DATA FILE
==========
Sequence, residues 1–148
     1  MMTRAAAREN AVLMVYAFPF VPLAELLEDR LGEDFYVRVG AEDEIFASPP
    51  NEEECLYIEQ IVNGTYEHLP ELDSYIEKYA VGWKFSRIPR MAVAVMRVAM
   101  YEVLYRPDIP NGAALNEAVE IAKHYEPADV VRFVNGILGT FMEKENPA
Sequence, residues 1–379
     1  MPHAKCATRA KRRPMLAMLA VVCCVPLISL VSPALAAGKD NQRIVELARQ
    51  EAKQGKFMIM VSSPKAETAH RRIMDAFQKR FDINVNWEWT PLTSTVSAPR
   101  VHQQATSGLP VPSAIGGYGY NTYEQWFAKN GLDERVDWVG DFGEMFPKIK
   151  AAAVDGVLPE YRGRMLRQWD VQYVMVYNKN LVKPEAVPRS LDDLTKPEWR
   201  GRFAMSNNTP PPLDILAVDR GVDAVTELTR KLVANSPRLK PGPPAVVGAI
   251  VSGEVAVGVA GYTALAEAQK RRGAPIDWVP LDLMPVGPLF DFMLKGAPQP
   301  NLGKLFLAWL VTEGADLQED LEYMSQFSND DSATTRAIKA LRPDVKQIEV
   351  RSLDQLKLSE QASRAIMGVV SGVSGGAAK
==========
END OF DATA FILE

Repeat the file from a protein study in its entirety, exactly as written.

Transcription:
Sequence, residues 1–148
     1  MMTRAAAREN AVLMVYAFPF VPLAELLEDR LGEDFYVRVG AEDEIFASPP
    51  NEEECLYIEQ IVNGTYEHLP ELDSYIEKYA VGWKFSRIPR MAVAVMRVAM
   101  YEVLYRPDIP NGAALNEAVE IAKHYEPADV VRFVNGILGT FMEKENPA
Sequence, residues 1–379
     1  MPHAKCATRA KRRPMLAMLA VVCCVPLISL VSPALAAGKD NQRIVELARQ
    51  EAKQGKFMIM VSSPKAETAH RRIMDAFQKR FDINVNWEWT PLTSTVSAPR
   101  VHQQATSGLP VPSAIGGYGY NTYEQWFAKN GLDERVDWVG DFGEMFPKIK
   151  AAAVDGVLPE YRGRMLRQWD VQYVMVYNKN LVKPEAVPRS LDDLTKPEWR
   201  GRFAMSNNTP PPLDILAVDR GVDAVTELTR KLVANSPRLK PGPPAVVGAI
   251  VSGEVAVGVA GYTALAEAQK RRGAPIDWVP LDLMPVGPLF DFMLKGAPQP
   301  NLGKLFLAWL VTEGADLQED LEYMSQFSND DSATTRAIKA LRPDVKQIEV
   351  RSLDQLKLSE QASRAIMGVV SGVSGGAAK